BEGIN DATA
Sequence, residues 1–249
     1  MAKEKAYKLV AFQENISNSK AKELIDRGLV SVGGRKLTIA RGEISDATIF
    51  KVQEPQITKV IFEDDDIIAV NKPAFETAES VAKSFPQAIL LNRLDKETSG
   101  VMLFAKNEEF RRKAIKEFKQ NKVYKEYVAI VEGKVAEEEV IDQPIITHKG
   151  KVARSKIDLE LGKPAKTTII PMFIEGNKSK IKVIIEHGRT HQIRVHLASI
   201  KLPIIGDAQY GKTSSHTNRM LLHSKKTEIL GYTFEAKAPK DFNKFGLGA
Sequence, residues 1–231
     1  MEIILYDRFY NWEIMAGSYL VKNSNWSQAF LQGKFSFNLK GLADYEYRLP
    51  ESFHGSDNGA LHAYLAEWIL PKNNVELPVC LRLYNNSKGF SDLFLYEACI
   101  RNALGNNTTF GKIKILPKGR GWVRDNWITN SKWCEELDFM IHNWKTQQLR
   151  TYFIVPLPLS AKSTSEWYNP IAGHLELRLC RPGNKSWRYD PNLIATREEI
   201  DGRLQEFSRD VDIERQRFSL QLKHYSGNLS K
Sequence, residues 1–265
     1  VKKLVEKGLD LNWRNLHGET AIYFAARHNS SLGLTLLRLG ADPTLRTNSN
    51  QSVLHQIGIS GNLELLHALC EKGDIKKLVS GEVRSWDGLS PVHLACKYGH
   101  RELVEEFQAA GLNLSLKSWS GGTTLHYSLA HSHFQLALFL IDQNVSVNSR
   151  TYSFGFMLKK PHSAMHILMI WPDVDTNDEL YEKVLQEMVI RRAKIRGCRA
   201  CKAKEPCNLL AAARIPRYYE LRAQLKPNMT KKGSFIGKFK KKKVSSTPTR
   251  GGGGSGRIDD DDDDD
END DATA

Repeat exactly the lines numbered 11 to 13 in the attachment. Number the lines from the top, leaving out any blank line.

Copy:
   151  TYFIVPLPLS AKSTSEWYNP IAGHLELRLC RPGNKSWRYD PNLIATREEI
   201  DGRLQEFSRD VDIERQRFSL QLKHYSGNLS K
Sequence, residues 1–265